“Sixty percent of those who live in nursing homes have no family or friends to watch out for them or visit them, and are too fearful, vulnerable or frail to represent themselves,” Taylor-Stein said.

Intense training and a strong commitment to the elderly are required to become an Ombudsman, including 36 hours of classroom training, 15 hours of field service and 12 hours a year of continuing education to earn and retain certification by the State of California.

Ombudsman_vcreporter
Ombudsman Maeretha Franklin Coleman (left) visits with resident, Barbara McDaniel.

“This specialized training equips him or her to investigate and resolve complaints on behalf of elderly residents, and handle the myriad of problems that may arise in long-term care settings,” Taylor-Stein said. “For problems that cannot be resolved onsite or involve serious neglect or abuse, the Ombudsman enlists the help of licensing agencies, law enforcement and the District Attorney.”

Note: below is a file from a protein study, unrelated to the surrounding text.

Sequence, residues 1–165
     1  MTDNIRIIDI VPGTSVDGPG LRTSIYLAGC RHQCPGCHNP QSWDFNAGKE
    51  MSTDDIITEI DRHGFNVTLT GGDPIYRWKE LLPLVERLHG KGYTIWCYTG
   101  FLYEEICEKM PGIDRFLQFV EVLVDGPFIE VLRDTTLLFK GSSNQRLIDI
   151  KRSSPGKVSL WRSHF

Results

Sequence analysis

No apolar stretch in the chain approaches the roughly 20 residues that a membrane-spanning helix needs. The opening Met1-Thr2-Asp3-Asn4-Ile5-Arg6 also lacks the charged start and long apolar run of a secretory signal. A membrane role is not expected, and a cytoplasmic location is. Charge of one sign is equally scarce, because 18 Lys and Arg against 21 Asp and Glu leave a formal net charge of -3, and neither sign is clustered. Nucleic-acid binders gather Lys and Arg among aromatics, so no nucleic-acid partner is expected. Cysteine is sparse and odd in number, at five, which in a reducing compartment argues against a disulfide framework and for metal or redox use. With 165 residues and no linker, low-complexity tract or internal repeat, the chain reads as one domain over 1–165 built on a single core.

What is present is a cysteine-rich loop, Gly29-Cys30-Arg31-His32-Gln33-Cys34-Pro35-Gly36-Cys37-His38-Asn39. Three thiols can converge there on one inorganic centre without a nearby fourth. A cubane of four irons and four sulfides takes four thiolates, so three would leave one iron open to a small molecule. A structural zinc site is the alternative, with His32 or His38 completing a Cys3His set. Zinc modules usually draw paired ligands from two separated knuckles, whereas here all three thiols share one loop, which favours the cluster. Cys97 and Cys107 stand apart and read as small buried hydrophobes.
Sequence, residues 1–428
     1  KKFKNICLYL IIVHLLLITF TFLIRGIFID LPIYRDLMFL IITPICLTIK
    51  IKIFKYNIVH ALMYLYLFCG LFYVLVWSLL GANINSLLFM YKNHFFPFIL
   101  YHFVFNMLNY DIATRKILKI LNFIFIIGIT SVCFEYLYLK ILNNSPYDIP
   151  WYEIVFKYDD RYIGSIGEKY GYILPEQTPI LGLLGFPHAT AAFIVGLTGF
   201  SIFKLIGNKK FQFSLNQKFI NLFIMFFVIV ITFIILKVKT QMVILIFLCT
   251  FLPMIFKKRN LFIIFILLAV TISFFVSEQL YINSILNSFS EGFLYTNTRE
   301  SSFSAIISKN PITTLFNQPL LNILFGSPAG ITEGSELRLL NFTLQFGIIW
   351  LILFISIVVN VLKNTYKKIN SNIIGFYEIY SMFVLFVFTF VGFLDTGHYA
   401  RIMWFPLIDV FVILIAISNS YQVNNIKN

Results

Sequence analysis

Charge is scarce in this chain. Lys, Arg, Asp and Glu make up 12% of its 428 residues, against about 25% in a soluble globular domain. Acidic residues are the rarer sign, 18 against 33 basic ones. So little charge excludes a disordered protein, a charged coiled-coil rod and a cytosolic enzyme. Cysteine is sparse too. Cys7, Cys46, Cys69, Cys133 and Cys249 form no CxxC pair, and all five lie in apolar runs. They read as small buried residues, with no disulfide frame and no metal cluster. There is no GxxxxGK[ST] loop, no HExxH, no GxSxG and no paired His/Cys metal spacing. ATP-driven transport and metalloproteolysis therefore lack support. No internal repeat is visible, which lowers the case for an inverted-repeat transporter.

Ombudsman services are confidential and free of charge.

“No other agency or program exists solely to advocate for the institutionalized elderly,” Taylor-Stein said. “Each year, the Ombudsman program provides the elders of Ventura County, their families and the community at large over 20,000 hours of free services.”

Volunteers, the nonprofit’s greatest asset, provide a value of $160,000 of in-kind services to the seniors and disabled in long-term care facilities.

“However, training and supporting volunteers, investigating complaints, pre-placement counseling, in-service training of paid facility staff, providing community education and support groups requires a professional staff,” Taylor-Stein said. “With a small paid staff and volunteers, we are able to provide 12 months of advocacy and support to one senior or disabled person in long-term care.”

Although the program is federally mandated, it does not receive the financial support from the federal or state government to provide services that the elderly and disabled require, Taylor-Stein said.